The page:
Kuba Mask

The potential for masked performers to become aggressive is a fundamental part of Kuba masquerade, and it is a reflection of the influence of the unpredictable nature of ngesh on Kuba masked dancers.

Kuba Ngaady mask

Tribe: Kuba/Tetela border

Origin: Democratic Republic of Congo

Approx Age: 1950s

Materials: Wood, metal, raffia, cowrie shells

Dimensions cm: 29 tall x 21 wide x 14 depth excluding head adornment

Ref. Number: 1612

SOLD

Description:

A very stunning, old and unusual Kuba mask from D.R.Congo. The hooded coiffure holds this mask on the head perfectly which is made from raffia like the textiles made, the metal adornments around the eyes and mouth are possibly Tetela influence, as this mask does carry both Kuba and Tetela traits, so most likely a crossover.

Provenance: Private collection, United Kingdom, acquired whilst deployed with MSF in the 1970’s in Central Africa

Additional images

History

Kuba arts primarily address status, prestige, and the court; they are manifestations of the social and political hierarchy.
Rank and wealth are expressed in extensive displays of regalia: jewellery, rich garments of embroidered raffia cloth, ceremonial knives, swords, drums, and elaborated utilitarian items. Valuable imported cowrie shells and beads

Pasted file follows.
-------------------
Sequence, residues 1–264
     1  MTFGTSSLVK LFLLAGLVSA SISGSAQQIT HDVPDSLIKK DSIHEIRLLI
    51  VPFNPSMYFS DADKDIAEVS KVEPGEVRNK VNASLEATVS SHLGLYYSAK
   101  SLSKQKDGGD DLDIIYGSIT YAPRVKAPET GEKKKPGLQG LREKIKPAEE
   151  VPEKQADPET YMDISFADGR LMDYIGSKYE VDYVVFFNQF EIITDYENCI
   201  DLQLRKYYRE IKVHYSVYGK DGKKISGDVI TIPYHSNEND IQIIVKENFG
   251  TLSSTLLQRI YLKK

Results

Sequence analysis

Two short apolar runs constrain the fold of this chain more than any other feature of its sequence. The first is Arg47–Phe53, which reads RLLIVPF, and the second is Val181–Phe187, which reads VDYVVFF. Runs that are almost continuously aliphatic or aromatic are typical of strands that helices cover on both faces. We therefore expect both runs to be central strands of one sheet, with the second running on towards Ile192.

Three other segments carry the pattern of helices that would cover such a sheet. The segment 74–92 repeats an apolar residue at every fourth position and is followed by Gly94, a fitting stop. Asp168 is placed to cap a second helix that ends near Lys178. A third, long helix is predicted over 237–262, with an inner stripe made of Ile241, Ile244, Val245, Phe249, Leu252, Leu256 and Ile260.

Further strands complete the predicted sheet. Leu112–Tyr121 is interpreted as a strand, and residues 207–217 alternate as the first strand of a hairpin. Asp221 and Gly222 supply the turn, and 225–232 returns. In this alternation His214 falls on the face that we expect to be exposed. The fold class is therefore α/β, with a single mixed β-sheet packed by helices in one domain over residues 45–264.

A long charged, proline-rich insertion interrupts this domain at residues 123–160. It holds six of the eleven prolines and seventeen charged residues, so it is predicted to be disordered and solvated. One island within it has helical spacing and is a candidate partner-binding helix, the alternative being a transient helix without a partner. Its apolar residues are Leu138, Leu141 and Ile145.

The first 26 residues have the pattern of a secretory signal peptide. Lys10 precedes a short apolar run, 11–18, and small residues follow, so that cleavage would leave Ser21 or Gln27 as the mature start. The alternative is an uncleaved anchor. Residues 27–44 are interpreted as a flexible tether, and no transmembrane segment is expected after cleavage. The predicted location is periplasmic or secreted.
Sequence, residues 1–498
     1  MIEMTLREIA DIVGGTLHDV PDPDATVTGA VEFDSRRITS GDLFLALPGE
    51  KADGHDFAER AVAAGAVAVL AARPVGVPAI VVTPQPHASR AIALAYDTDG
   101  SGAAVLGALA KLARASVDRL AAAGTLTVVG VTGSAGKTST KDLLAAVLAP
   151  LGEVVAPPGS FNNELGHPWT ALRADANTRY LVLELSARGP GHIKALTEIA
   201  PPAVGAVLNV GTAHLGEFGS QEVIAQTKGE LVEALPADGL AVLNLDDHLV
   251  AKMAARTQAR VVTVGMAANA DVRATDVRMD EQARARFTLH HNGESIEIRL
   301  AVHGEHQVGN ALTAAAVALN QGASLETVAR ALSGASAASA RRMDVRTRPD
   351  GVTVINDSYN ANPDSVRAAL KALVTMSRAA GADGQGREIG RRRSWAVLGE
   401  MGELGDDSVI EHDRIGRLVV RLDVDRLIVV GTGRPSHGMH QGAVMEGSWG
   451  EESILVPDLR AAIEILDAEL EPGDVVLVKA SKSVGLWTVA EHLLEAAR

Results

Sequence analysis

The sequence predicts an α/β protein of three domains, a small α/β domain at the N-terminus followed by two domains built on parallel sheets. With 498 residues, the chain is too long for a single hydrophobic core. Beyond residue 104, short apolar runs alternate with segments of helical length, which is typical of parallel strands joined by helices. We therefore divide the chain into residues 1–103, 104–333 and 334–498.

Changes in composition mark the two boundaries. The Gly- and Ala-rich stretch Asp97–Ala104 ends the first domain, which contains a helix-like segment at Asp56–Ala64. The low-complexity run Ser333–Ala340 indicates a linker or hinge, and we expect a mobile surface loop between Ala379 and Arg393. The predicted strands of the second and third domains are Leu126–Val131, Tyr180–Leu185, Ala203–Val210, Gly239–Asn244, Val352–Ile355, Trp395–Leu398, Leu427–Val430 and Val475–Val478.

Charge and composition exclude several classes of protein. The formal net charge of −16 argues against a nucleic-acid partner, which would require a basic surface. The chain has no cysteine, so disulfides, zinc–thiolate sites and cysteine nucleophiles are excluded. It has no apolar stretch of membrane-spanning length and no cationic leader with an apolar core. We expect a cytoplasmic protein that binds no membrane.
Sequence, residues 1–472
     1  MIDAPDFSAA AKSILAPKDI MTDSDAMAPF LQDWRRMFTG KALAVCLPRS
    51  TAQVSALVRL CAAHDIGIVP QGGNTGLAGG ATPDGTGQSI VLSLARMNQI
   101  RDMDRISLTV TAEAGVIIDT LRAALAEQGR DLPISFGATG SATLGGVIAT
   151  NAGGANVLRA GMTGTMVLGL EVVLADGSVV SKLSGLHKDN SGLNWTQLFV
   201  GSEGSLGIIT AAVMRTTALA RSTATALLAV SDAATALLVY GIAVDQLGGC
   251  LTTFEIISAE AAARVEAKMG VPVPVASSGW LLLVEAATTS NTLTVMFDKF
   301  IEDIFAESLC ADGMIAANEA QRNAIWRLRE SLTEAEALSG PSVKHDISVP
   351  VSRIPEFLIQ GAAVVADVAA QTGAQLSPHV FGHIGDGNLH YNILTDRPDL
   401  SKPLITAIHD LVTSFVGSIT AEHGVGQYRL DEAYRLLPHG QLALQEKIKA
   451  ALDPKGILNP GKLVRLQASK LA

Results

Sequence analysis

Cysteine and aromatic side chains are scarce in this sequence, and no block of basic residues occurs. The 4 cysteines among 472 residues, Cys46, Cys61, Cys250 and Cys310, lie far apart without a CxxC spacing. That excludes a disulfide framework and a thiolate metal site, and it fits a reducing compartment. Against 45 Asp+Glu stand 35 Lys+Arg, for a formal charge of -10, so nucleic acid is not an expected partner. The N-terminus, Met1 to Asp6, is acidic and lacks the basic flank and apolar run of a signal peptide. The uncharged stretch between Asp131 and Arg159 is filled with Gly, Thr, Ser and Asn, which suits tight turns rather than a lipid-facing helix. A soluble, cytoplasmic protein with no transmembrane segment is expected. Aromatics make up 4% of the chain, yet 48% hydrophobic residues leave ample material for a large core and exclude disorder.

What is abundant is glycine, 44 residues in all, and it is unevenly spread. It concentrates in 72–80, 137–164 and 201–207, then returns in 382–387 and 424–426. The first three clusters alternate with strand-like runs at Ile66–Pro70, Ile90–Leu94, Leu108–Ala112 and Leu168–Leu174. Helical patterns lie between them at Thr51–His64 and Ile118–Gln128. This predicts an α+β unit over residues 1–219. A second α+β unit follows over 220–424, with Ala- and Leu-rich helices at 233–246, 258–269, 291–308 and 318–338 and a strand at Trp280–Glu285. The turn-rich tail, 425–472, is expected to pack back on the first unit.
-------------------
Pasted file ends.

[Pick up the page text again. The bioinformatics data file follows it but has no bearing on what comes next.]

embellish garments, furniture, baskets, and masks.

The outstanding Kuba style diagnostic is geometric patterning used to embellish the surfaces of many objects. These designs are woven into raffia textiles and mats, plaited in walls, executed in shell and bead decoration, and incised on bowls, cups, boxes, pipes, staffs, and other forms including masks. All art forms and designs are laden with symbolic and iconographic meaning, and the same is true of the rich Kuba masquerades.

Masking was first introduced by a woman who carved a face on a calabash, the original model for initiation masks. The invention was taken over by men, incorporated into initiation, and remains a male privilege. Once Bushong boys move into the nkan initiation shelter, they can wear masks and make excursions into the village frightening women and small children. More powerful masks are worn by initiation officials. The masked Kuba dancer is, in every instance, a spirit manifestation.

Kuba Textile

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